Early American Literature
As currently organized, Early American Literature (EAL) at SIU Carbondale stretches from the pre-Columbian period to 1900. Confronted with this daunting assignment, faculty members tend to focus on the nineteenth-century, the sub-area most in demand, with excursions into earlier literatures when appropriate. US literature is taught both in respect to traditional formal literary concerns and with reference to contemporary critical issues now loosely gathered under the rubric of Cultural Studies. A major concern in many classes is the way in which the multi-cultural foundations and composite nature of US literatures has worked to mediate primary social issues of race, class, and gender.
EAL faculty cover both the standard survey courses (the Literary History of the United States) and a variety of upper-level courses in US literature before 1900. Because of the enormous chronological spread and the wide diversity of genres and authors that need to be covered, upper-level courses in EAL tend to vary considerably from year to year, even when the course titles remain nominally the same.
Balancing between attention to major writers and newly recovered voices, sample courses at the 400 level (mixed graduate and undergraduate) have included Nineteenth-Century American Novelists from James Fennimore Cooper to Nella Larsen; "Interior Subjects: Work, Service, and Self-Possession in Antebellum America" (a course studying the crisis in interiority in antebellum fiction); American Women Poets from Bradstreet to Sarah Piatt, Poetry and Politics in the Nineteenth Century (abolition poetry, poetry of Western settlement, etc.); a course on poetic responses to the Civil War in Whitman, Melville, Dickinson and Piatt; and "Gender and Sexuality in Nineteenth-Century Fiction" (a course studying how various literary genres, such as sentimentalism and sensationalism, managed concerns over gender and sexuality).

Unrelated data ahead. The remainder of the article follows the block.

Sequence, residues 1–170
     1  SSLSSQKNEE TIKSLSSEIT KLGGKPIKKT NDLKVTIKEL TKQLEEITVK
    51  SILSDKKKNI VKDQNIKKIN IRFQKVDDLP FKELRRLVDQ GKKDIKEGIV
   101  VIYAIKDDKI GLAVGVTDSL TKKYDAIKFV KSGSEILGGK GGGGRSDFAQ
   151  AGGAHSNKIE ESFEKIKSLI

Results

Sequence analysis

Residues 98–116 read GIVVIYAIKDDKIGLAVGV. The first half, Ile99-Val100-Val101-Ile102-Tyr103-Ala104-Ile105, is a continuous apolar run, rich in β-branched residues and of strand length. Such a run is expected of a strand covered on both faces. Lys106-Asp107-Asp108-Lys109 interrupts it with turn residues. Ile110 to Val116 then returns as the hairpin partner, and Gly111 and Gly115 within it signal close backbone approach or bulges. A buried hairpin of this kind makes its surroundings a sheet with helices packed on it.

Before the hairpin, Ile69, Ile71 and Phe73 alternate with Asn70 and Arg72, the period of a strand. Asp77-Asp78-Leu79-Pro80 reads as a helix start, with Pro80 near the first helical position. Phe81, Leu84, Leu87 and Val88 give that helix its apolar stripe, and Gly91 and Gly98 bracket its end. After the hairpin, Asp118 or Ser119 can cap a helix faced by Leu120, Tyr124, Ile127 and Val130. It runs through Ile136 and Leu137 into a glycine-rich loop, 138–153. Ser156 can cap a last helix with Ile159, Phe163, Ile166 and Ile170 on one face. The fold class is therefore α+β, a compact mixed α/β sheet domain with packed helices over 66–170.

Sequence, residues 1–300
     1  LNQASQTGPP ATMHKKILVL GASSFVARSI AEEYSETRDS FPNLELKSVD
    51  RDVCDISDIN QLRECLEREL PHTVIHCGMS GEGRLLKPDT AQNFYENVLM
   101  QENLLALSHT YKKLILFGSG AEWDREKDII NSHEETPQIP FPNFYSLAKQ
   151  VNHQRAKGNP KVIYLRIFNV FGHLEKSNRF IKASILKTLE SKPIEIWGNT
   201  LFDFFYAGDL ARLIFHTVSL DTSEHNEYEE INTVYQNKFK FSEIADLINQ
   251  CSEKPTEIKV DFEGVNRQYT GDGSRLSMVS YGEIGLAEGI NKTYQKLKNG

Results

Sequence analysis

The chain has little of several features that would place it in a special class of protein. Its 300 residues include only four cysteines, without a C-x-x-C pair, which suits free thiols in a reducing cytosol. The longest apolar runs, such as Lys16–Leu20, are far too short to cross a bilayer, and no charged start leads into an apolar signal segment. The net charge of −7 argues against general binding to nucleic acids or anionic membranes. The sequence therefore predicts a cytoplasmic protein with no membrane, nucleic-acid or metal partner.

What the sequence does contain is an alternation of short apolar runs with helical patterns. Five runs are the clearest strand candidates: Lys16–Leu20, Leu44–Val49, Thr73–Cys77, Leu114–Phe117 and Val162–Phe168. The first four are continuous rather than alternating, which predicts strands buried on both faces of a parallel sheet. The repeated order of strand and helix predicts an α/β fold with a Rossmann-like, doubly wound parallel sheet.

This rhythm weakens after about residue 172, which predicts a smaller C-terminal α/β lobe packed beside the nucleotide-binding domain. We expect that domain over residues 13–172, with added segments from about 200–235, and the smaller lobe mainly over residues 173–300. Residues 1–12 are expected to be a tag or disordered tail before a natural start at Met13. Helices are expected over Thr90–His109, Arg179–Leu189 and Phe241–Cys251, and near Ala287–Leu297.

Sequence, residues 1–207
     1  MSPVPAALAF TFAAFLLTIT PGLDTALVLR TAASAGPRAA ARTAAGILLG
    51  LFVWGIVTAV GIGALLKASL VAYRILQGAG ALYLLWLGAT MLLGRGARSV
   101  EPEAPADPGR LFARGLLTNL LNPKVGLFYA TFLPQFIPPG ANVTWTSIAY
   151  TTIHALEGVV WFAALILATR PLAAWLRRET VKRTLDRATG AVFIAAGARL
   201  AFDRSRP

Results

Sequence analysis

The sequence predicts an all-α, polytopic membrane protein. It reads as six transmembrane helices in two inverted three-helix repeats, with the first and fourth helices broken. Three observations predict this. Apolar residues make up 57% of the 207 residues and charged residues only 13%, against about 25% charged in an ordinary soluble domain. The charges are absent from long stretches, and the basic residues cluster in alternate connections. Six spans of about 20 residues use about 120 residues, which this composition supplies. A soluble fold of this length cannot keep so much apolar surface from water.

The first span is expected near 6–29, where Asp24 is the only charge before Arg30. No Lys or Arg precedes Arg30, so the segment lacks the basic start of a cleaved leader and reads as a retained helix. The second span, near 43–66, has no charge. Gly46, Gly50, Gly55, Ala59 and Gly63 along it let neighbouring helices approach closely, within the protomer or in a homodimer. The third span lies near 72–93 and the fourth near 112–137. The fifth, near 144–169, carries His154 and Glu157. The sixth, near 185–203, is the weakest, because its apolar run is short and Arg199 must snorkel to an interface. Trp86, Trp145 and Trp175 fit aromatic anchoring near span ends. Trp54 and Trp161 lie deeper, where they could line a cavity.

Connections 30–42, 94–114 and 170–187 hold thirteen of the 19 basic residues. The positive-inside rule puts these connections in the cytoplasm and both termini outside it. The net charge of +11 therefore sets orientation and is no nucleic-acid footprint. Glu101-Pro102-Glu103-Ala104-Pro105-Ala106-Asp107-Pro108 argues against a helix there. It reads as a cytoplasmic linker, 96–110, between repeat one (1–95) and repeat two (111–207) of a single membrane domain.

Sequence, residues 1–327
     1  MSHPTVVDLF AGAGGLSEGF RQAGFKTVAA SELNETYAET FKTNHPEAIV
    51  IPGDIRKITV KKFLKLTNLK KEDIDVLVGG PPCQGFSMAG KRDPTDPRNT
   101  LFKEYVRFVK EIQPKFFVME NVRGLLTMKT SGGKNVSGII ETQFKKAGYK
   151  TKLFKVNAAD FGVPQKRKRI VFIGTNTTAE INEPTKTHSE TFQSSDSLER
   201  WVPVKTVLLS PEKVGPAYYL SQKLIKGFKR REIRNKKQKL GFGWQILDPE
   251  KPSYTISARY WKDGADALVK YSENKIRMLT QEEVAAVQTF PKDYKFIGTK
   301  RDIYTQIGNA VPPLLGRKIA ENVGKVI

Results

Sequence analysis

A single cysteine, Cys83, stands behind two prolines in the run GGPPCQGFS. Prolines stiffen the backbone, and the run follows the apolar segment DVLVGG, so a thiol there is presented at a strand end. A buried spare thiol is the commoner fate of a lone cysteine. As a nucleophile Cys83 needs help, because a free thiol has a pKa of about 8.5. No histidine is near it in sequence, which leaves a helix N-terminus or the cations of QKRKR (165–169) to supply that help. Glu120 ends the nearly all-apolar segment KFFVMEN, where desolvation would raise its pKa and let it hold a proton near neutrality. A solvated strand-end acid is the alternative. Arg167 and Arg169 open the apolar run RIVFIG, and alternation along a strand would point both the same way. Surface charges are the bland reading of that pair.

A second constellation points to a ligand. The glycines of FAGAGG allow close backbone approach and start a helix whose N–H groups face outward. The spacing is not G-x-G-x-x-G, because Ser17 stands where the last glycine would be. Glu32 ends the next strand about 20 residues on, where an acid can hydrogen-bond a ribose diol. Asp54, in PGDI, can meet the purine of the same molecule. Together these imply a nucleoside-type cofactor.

Professor Anthony’s recent undergraduate courses include the following: Emily Dickinson; the American gothic (fiction and film); the rise mass and popular culture in America; and the role of capitalism in American fiction. In the Fall of 2009 he will be teaching a course tentatively entitled “Nobody in Antebellum American Fiction.” The texts will be Nathaniel Hawthorne’s The Scarlet Letter, Herman Melville’s Moby-Dick, and a range of Dickinson poems (including “I’m Nobody! Who Are You?,” after which the course is entitled).
Over recent years topics for 500 level graduate seminars have included individual courses devoted to Melville, Hawthorne, Twain and James, "Emily Dickinson and her Women Poet Peers," "The American Experience: Captivity Narratives and Slave Narratives," and "The Sentimental as Aesthetic and Social Vision." Projected seminars include "African-American Writers Before 1900: Texts and Critical Contexts" and "Sex and the Gothic Imaginary in 19th Century America."
Professor Anthony’s recent graduate courses include seminars on American manhood in American fiction and film, the fiction of the 1790s in America, and capitalism and property in American nineteenth-century American fiction.
Recent Ph.D. Dissertations
- Catherine Otto, "Ragged Men: Gender Ambiguity in Melville's Short Fiction"
- Joseph Fulton, "Mark Twain's Moral Realism: Ethics and Dialogics"
- Thorunn Ruga, "Angels in Architecture: The House of Representatives and the House Represented in American Women's Fiction, 1791-1812"
- Pamela Kincheloe, "Through the Claude Glass: Nineteenth-Century American Writers and Monumental Discourse"
- Lisa B. Day, "‘White Spirits and Black Spirits Engaged in Battle': Apocalyptic Images in Antebellum Literature"
- Robert Alsop, "Stout-Hearted Men: Individualism and the Anxiety of American Manhood, 1784-1906"